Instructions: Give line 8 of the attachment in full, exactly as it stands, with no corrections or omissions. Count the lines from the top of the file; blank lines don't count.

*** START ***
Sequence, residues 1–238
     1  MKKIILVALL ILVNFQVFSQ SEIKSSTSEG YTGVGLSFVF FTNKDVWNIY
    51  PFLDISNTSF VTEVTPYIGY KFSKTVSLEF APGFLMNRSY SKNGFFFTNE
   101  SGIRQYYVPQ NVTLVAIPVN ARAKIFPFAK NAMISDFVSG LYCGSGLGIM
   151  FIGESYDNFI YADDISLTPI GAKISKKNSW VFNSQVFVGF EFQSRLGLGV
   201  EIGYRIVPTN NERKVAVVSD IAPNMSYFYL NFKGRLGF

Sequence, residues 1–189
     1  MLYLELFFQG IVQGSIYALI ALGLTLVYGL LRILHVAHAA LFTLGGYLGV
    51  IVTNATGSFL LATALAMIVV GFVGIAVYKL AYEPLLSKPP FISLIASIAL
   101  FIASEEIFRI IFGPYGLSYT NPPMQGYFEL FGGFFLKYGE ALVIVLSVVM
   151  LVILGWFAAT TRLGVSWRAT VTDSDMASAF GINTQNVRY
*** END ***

     1  MLYLELFFQG IVQGSIYALI ALGLTLVYGL LRILHVAHAA LFTLGGYLGV